Market Incentive Programs – How Puerto Rico Gets it Right
When farmers markets work to both support and grow business for local farmers, and provide access to affordable, nutritious food across communities of all in-come levels, one word comes to mind: success. An innovative market incentive program launched in Puerto Rico takes this idea of success to a whole new level. And a recent report outlines just how the island is doing it.
A collaboration between Puerto Rico’s Agriculture and Family departments, El Mercado Familiar (Family Market Program), a program working within Tarjeta de la Familia (Puerto Rico’s version of the Supplement Nutrition Assistance Program, formally food stamps), was designed to meet the dual goals of both stimulating local food production, while increasing consumption of fruit and vegetables by low-income families.
Since the program’s inception in 2013, over $40 million in fruit and vegetable purchases by low-income families has boosted revenue for more than 500 Puerto Rican farmers participating in the program. Subsequently, this income boom created over 540 new farming and market jobs islandwide.
So, just how successful has El Mercado Familiar been? This stunning statistic puts it into perspective: Last year, participating Puerto Rican farmers markets accepted the same amount in Tarjeta purchases as compared to SNAP purchases in all 50 U.S. states combined. One farmer reported a staggering $685,000 in extra sales since the start of the program in 2013. And the future looks even brighter: Dr. Myrna Comas Pagan, Puerto Rico’s Secretary of Agriculture predicts produce farmers will collectively earn more than $60 million per year from Tarjeta purchases when the program goes islandwide in 2017.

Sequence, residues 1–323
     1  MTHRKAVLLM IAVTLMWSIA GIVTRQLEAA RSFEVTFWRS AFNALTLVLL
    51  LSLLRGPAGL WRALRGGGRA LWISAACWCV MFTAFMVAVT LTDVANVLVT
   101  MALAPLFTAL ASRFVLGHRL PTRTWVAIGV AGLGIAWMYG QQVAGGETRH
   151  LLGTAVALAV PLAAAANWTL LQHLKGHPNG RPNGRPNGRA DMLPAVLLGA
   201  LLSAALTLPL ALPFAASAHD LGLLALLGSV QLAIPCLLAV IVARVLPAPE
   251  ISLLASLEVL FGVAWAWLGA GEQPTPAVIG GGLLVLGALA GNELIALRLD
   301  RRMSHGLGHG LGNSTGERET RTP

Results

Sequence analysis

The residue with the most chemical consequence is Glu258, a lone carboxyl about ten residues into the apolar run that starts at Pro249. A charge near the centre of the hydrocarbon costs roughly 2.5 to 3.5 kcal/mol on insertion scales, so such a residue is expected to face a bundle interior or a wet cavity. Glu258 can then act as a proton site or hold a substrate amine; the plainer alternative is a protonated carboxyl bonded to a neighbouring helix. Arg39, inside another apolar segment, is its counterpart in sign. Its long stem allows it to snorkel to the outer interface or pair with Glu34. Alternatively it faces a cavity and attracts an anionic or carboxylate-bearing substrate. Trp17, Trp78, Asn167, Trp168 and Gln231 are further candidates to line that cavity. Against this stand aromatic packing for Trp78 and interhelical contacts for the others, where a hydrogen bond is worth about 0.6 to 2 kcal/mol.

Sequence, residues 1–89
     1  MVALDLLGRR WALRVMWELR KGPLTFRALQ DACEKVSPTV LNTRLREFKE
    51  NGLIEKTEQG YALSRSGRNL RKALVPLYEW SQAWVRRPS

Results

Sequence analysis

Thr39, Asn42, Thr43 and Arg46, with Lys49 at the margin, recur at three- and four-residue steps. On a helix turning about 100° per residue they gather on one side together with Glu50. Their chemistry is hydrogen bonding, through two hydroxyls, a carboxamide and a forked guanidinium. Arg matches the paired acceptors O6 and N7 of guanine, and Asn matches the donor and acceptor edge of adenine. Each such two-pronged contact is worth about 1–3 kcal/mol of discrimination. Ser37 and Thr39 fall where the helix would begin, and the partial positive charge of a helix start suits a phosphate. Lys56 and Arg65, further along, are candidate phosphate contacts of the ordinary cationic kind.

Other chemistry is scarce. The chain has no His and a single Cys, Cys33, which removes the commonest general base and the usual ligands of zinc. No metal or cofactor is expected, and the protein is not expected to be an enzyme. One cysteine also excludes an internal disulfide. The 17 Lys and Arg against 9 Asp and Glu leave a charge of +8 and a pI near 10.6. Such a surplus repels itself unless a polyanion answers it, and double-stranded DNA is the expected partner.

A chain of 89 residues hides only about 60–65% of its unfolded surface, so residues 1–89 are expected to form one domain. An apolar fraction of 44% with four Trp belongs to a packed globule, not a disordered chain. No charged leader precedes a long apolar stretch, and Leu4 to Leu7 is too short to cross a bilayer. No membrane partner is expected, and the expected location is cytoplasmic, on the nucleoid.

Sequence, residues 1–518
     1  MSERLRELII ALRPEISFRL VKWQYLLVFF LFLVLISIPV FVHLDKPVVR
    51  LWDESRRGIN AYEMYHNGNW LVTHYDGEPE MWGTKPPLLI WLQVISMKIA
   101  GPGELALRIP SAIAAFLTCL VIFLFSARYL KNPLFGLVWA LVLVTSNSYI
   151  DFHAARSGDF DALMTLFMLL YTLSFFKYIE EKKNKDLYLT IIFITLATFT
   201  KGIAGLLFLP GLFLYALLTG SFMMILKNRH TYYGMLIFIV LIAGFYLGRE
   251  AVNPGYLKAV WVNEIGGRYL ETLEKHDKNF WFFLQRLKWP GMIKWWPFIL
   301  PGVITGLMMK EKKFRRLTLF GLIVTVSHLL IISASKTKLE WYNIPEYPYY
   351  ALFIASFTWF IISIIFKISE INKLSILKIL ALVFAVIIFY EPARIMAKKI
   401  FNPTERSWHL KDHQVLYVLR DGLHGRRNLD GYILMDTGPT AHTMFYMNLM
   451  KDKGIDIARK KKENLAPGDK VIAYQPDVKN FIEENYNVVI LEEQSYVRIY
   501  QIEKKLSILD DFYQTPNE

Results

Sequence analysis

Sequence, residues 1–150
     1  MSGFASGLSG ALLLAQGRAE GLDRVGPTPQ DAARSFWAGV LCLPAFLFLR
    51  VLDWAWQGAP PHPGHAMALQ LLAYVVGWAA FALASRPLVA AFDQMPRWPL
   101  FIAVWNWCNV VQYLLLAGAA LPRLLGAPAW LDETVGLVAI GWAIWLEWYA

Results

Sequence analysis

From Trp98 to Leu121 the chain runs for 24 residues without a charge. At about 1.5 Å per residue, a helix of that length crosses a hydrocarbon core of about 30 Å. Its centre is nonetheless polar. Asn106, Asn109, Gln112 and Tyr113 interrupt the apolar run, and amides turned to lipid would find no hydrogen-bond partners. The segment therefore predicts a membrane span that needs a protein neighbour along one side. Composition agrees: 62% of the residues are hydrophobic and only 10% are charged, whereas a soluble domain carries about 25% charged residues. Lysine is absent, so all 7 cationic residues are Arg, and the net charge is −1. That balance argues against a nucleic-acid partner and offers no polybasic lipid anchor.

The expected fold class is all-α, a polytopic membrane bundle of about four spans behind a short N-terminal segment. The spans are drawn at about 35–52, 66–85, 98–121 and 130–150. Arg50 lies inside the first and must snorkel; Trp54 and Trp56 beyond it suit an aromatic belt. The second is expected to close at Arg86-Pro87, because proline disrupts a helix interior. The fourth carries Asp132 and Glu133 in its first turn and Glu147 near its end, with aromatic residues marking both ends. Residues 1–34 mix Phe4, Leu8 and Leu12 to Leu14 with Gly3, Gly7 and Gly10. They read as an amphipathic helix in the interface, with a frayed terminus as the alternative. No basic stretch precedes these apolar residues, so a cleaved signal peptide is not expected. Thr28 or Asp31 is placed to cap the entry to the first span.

How does the program work?
Each month, the Tarjeta benefit card is loaded with funds for eligible low-income families to buy food. About $4, or 4% of every $100 in benefits can be used to buy fruits and vegetables from local farmers at participating farmers markets authorized by Puerto Rico’s Agriculture Department. The additional 4% in El Mercado Familiar benefits are embedded in the Tarjeta card, in a “pocket” of their own and are only redeemable at authorized markets. An impressive 78% of participants redeem the benefit exclusively reserved for El Mercado Familiar purchases, while also spending additional Tarjeta benefits that are free to be used at other food retail outlets.
El Mercado Familiar program is just one piece of the larger effort to improve Puerto Rico’s food security. The island currently imports more than 85% of its food – a 25% increase since 1980. Dependence on foreign food is a dicey prospect, one that Puerto Rico’s Secretary of Ag identifies as problematic in terms of shipping schedules and climate change; vagaries in either could leave the island susceptible to a food shortage. But it also exposes a ripe opportunity for Puerto Rican farmers to grow their business and supply the island with the fruits of their labor.
This blog post is based off a report written by food system consultant, Kate Fitzgerald and FMC board member, Gus Schumacher. Read the full report here to learn more about El Mercado Familiar.